End of an era: Jeter to retire after 2014, will join impressive group of retired stars

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Thinking Outside The Batter’s Box is a blog about baseball published every week.

The Newtonite

Thinking Outside The Batter's Box is a blog about baseball published every week.
Thinking Outside The Batter’s Box is a blog about baseball published every week.

by Jacob Gurvis

Not very often in sports do we pause to appreciate the talent and legacy of our athletes. In baseball, “generations” of players come and go, but it is important to acknowledge the players who have defined decades of the game, and we don’t do this often enough.

The 1990s and 2000s were largely influenced by a large core group of stars, many of whom are sadly retired or are retiring in the near future. While every generation obviously has its stars and standouts, this particular generation deserves recognition, especially for their success during a changing baseball atmosphere (ie. the increase of cheating, etc.).

Since 2010, countless household-name, franchise players have retired. Yankees captain Derek Jeter is the latest to announce he will be retiring, and 2014 will be his final season.

Let’s review the top players from this dwindling generation of players, all of whom retired since 2010.

First, the pitchers: Roger Clemens, Tom Glavine, Roy Halladay, Trevor Hoffman, Randy Johnson, Pedro Martinez, Andy Pettitte, Mariano Rivera, Curt Schilling, and Tim Wakefield. Yeah, there are a lot of very good pitchers who have hung up their cleats in recent years. Clemens, Glavine, Halladay, Johnson, and Martinez have earned 19 total Cy Young Awards between them. Wow. Not to mention the best closer in history (Rivera) and some impressive playoff heroes in that small group.

Some pretty good infielders have retired as well. Nomar Garciaparra, Todd Helton, Chipper Jones, Jorge Posada, Ivan Rodriguez, Frank Thomas, Jim Thome, and Jason Varitek are all done playing. Rodriguez is almost definitely going to the HOF, and Thomas was inducted this year. Thome is on the top ten all-time home run list with over 600 (potential HOFer), and Jones is a no-doubter as well. Varitek and Posada will most likely not make the cut, but they were franchise players with incredible leadership skills. Helton should make it, as he is arguably the best Rookie ever.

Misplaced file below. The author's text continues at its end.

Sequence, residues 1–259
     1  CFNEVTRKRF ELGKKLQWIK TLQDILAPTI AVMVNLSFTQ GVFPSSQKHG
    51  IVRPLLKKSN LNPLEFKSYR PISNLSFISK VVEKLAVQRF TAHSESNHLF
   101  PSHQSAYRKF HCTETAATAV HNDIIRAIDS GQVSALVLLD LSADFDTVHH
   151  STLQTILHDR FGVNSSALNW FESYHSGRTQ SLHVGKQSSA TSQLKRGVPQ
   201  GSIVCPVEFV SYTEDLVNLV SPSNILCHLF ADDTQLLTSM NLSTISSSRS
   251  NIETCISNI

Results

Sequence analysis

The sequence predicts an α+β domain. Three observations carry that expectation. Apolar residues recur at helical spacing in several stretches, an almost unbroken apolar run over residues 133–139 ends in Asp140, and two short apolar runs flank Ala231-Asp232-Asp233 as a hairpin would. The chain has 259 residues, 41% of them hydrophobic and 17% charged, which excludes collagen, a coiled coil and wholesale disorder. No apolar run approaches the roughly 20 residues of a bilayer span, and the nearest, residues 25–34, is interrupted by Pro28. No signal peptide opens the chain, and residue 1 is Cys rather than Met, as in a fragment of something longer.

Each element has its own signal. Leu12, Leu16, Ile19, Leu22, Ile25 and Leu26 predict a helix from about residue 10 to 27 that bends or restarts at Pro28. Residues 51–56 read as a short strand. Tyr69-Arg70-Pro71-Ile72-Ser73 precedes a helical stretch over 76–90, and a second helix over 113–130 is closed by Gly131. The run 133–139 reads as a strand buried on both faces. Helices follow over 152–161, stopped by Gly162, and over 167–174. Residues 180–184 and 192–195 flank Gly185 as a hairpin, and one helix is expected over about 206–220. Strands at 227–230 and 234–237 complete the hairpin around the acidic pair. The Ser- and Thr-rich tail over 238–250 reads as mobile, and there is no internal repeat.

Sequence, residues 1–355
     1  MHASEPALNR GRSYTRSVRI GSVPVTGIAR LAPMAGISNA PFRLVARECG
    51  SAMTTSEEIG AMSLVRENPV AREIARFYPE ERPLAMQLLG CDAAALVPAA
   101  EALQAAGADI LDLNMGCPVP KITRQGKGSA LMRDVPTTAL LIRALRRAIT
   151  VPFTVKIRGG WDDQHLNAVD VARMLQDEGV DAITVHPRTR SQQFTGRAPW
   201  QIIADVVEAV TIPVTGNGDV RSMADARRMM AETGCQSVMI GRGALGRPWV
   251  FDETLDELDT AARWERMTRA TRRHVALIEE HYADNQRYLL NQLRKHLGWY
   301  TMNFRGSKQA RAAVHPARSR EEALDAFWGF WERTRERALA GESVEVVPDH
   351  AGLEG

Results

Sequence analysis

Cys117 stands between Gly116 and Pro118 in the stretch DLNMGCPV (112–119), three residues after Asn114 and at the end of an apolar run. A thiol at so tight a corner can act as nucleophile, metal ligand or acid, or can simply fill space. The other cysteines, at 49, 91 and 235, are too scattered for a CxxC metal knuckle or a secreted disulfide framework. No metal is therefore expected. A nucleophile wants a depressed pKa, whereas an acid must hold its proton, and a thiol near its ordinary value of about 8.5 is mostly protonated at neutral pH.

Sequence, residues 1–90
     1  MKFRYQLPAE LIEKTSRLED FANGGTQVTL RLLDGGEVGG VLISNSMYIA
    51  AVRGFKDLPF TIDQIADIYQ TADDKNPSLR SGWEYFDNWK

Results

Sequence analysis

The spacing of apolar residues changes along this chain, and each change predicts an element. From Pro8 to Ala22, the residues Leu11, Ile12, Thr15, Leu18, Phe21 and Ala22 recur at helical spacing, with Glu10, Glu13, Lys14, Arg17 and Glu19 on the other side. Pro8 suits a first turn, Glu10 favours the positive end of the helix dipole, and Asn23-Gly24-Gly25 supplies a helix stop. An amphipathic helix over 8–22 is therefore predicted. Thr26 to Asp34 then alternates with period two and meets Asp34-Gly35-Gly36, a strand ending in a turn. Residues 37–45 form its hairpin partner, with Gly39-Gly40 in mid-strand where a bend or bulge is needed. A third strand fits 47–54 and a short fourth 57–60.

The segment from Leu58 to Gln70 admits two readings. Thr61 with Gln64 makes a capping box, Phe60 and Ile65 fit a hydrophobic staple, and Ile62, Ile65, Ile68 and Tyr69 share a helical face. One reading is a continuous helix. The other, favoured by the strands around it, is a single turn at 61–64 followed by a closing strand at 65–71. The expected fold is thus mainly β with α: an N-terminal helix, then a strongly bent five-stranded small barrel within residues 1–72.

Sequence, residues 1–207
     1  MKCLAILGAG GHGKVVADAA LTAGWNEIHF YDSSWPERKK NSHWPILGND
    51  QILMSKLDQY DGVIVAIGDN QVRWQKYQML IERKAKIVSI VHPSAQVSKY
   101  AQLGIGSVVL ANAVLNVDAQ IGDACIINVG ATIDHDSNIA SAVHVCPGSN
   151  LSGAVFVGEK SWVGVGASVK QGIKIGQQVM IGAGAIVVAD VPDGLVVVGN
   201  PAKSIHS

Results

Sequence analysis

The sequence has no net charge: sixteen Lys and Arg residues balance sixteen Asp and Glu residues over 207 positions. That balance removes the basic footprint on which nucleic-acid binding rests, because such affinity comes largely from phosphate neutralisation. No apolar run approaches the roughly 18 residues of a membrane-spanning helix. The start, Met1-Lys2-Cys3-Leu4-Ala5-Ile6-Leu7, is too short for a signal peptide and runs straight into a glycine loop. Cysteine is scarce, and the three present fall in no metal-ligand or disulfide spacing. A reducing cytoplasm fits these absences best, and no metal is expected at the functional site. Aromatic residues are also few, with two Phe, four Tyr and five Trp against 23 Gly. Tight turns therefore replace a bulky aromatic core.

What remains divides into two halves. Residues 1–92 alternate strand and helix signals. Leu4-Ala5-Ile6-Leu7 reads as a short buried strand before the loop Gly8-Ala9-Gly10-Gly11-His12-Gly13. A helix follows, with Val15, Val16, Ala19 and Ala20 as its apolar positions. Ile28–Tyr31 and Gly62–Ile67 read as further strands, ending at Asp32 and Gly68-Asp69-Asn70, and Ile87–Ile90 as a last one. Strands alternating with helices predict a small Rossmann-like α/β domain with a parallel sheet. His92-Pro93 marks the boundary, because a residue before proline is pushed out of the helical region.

Our next group is the outfield: Lance Berkman, Barry Bonds, Johnny Damon, Jim Edmonds, Ken Griffey Jr., Vladimir Guerrero, Gary Sheffield, and Sammy Sosa. Griffey is one of the best players in the last thirty years (and gets extra points for sharing a birthday with me), Bonds is the Home Run King (despite taking steroids), Damon brought Boston its first championship in 86 years, and the rest of those guys were all pretty talented. Not all of them are HOFers, but nonetheless, this is a deep group of players.

That being said, yes, there a few of these aforementioned guys who (allegedly) cheated in some form, including Bonds Clemens and Sosa. So despite their tainted legacy, the talent and pure numbers they produced are undeniable. There’s a difference between being a good ballplayer and being a good person. Yes, Bonds cheated his way to the top of the all-time home run list, an act I in no way condone. But at the end of the day, 762 home runs is 762 home runs.

It is important to also recognize those players who are part of this generation, who are still playing. Players like Carlos Beltran, Jason Giambi, Jeter, Paul Konerko, David Ortiz, Albert Pujols, Alex Rodriguez, Alfonso Soriano, Ichiro Suzuki, and others also deserve recognition.

The past two decades have been defined by these gentlemen, and this class of players could be arguably the best group baseball has seen a long time. So, to all of you players who have treated our game well, when all is said and done, take a bow, because you are the best of the best.